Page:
Above: Leon Haslam JG Speedfit Kawasaki. 400mm, 1/640, f6.3, ISO 400. Uncropped and filling the frame. This image is a little soft at the rear of the bike.
Above: Here I moved to as the riders were exiting 'Druids' and I slowed the shutter speed right down to create an image which shows the speed and excitement of racing. Here I shot rider Billy McConnell on his Kawasaki at 1/60 sec using shutter priority mode (TV on a Canon). f9.0, ISO 100, 200mm Although there's a little movement on the rider I personally love the shot.
Below: I tried the same technique but shot at a faster shutter speed of 1/125 on Shane 'Shakey' Byrne on his Be Wiser Ducati Panigale R.
Above: John 'Hopper' Hopkins, Moto Rapido Ducati Panigale R. Shutter speed at Sheen Curve now at 1/2500 second. See how there's no movement on the shadows of the brake discs. Remember the riders are travelling over 100mph at this point of the circuit.
The good thing about shooting with a fast aperture is if an incident does happen which you obviously weren't expecting then you have a better chance of capturing the shot. I found this to be the case during Race 1, Lap 1 of the Pirelli National Superstock 600 Championship when rider James Naggy found himself on the grass and heading for the gravel or cat litter as I call it! Somehow I managed to keep focus as the front end of the bike dug in and cartwheeled. Fortunately, James walked away unhurt although he told me later he was just a little sore!
Below: Just a few images of the incident shot using continuous shooting at 1/1250 sec in shutter priority mode.
Below are some of my favourite images taken at Sheene Curve, Brands Hatch.
Something I noticed at Brand Hatch was the majority of photographers try to keep high when shooting, many of them take a step ladder. A technique which I use and I must admit I didn't see anyone else doing was to keep myself as low as possible. This makes it difficult at times seeing the riders approaching but it does create a great angle. Of course there were times when I tried to make myself as tall as possible and look down on the riders. Generally the most interesting shots you can get as a photographer are finding angles which you don't want to be in for too long, especially if you have an achy back!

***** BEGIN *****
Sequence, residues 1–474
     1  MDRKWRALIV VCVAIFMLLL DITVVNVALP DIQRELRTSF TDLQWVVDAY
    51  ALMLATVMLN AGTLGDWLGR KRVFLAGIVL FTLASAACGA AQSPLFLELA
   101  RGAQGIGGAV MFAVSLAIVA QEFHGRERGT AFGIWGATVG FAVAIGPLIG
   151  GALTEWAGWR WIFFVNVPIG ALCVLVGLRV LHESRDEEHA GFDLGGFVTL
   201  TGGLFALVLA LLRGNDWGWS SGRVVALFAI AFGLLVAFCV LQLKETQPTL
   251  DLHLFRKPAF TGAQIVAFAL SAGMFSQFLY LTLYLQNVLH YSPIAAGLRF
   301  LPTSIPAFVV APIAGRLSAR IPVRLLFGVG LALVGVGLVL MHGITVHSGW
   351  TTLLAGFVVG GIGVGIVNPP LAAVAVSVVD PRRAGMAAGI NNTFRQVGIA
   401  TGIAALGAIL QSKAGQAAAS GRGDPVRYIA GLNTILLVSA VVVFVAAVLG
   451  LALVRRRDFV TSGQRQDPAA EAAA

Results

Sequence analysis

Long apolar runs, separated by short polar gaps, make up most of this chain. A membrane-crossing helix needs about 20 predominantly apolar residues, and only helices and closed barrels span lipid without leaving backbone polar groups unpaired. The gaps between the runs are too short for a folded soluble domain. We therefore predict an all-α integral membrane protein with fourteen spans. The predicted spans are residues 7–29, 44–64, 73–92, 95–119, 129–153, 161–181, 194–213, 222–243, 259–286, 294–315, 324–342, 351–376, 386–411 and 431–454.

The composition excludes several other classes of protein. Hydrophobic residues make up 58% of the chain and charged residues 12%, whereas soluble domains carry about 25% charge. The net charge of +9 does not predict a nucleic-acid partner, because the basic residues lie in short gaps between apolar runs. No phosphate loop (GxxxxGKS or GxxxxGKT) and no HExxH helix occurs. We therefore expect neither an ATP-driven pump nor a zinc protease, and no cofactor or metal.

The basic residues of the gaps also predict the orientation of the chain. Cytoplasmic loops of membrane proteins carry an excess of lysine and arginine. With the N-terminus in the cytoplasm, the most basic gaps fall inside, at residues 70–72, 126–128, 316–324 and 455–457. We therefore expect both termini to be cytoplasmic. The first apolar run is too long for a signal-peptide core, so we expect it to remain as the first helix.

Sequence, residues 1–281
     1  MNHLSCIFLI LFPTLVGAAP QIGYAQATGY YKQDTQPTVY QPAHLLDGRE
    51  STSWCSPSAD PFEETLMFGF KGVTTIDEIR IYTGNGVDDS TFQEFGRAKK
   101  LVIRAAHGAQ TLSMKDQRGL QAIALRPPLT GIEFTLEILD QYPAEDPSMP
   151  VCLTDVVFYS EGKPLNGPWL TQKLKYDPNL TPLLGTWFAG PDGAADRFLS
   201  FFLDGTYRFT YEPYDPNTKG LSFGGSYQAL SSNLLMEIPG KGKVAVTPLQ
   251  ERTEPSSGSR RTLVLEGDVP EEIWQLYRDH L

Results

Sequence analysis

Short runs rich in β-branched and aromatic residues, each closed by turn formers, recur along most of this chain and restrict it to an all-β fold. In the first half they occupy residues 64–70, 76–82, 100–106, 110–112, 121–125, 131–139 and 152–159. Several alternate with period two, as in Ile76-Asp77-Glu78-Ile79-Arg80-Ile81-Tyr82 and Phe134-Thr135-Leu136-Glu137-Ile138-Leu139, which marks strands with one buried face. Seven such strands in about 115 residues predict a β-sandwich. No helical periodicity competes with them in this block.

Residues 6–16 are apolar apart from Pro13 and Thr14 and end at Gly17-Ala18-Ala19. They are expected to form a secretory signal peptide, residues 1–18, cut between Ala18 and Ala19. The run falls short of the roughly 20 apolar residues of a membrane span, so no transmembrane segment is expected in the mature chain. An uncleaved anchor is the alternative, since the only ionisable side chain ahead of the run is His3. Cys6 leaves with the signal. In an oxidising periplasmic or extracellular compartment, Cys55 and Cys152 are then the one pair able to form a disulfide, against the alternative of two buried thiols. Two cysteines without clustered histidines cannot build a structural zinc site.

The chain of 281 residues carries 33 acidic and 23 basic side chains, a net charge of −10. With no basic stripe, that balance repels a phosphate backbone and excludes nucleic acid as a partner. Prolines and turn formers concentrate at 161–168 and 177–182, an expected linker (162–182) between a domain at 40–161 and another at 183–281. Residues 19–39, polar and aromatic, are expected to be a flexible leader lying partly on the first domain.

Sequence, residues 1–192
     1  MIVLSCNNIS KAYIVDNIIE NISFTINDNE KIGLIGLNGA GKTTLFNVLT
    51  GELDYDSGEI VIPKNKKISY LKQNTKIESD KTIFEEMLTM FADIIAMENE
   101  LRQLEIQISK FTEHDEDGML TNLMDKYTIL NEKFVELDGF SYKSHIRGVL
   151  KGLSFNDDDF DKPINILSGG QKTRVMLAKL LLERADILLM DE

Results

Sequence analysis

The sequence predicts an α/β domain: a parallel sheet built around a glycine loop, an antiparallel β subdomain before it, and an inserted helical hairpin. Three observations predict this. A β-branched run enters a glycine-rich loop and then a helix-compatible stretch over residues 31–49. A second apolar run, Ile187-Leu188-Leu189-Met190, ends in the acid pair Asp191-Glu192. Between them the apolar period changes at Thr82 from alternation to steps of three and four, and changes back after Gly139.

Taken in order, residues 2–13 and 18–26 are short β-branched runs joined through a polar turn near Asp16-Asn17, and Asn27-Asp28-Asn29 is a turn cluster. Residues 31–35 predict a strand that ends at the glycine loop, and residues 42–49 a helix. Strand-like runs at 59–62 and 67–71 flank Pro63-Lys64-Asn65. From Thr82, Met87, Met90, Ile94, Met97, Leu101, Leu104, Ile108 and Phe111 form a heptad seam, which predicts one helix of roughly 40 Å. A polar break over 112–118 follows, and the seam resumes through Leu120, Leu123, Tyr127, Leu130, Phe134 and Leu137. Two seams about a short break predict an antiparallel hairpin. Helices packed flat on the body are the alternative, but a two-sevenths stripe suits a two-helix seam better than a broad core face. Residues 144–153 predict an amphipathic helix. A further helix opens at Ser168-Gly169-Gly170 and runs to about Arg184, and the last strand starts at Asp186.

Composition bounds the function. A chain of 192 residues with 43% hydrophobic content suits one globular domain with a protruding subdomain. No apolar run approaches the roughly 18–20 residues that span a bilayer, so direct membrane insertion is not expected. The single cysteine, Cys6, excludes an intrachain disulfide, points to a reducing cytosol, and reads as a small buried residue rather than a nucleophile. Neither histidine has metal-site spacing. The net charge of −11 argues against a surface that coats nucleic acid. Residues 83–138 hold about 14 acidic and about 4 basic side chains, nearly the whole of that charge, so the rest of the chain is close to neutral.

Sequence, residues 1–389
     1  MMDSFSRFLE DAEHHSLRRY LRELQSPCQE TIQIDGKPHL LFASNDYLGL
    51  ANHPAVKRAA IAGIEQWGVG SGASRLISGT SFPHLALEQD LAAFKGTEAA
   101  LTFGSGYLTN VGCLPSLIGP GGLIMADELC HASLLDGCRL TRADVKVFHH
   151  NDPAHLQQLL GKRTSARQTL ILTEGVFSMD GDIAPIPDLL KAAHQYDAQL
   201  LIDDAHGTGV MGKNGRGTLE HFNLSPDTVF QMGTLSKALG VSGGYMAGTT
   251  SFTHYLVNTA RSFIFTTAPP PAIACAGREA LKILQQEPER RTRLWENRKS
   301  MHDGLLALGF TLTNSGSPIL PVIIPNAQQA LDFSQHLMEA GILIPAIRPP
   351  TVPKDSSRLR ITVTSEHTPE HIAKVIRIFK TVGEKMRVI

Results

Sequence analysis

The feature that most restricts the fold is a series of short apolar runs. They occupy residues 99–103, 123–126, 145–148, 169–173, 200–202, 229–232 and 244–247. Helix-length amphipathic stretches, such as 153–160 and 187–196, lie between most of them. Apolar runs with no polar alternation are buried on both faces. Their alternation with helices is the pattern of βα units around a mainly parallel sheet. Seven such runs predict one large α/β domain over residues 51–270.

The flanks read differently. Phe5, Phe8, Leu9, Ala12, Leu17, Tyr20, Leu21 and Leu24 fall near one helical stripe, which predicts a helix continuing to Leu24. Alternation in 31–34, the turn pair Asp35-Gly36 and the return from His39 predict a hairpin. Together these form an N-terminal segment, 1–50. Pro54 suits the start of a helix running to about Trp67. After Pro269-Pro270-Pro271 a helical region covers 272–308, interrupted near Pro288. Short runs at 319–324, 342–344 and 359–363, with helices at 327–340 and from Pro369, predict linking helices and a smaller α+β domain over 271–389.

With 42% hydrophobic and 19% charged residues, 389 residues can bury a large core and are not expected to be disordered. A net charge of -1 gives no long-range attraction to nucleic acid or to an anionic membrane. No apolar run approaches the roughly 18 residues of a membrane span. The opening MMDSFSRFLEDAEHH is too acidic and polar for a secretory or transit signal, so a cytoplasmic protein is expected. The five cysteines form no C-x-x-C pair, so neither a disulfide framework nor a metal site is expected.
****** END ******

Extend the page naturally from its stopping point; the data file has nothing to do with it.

Luke Mossey, JG Speedfit Kawasaki ZX-10RR 1/1600 sec, f3.2, ISO 100
Below: Sylvain Guintoli, Bennetts Suzuki GSX-R 1000 I know I am biased as I now ride a Suzuki but this colour scheme just works doesn't it!
1/1600 sec, f2.8, ISO 250
Below: The same angle but shot at 1/500 sec
Blue just seems to photograph really well. Jakub Smrz on his BMW S1000RR before he launched it into a fence creating a very dramatic crash, see link below. 1/500 sec
Below: This image of James Ellison really makes it look as though he is travelling at speed, which of course he was! The second image below which I've cropped in tight shows how a slower shutter speed allows for movement in the wheels, tyres and ground adding to the excitement.
Below: Josh Brookes. Yamaha YZF-R1
Below: Dan Linfoot, Honda Racing, CBR1000RR Fireblade.
Below: Bradley Ray, not only getting his knee down but his elbow too! Buildbase Suzuki, GSX-R 1000
Below: Richard Cooper, in the Pirelli National Superstock 1000 Championship who dominated his class all weekend.
Below: Staying with Superstock 1000's #4 Michael Rutter getting his knee down. What a great sound as you hear the nylon knee pads scraping along the floor.
Taylor Mackenzie who I had the pleasure of meeting a few times when he rode with MotoGP 125cc class
Below: See the sparks fly as Andy Reid's BMW S1000RR exhaust hits the ground.
Hopefully, this blog has shown you the sort of results you can get when using different camera settings, of course, they are just a guide as lighting conditions are never the same and that's what makes photography fun. When shooting in the afternoon of day 1 I was worried about having the sun behind the rider creating harsh shadows. One of my favourite shots over the weekend was taken at this time and the sun created an amazing shadow of Sylvain Guintoli (50) and his Bennetts Suzuki.
I love the detail in this shot above which I've cropped tight. Image straight out of Adobe Lightroom.
The most important thing about shooting sports photography is the same as when photographing nature, people or fantasy; have fun and shoot what you love! Practice and try different techniques. Don't be afraid to talk to other photographers who are generally happy to pass on a little knowledge and show off their shots, just like me!
If this blog has inspired you to pick up your camera, then take a look at the British Superbike calendar here, who knows, I may even see you at the closing round when they return to Brands Hatch 13-15th October 2017.
Focusing tutorial from Canon Click Here
All images are copyright of Phil Jones 2017. Please do not use without prior written permission.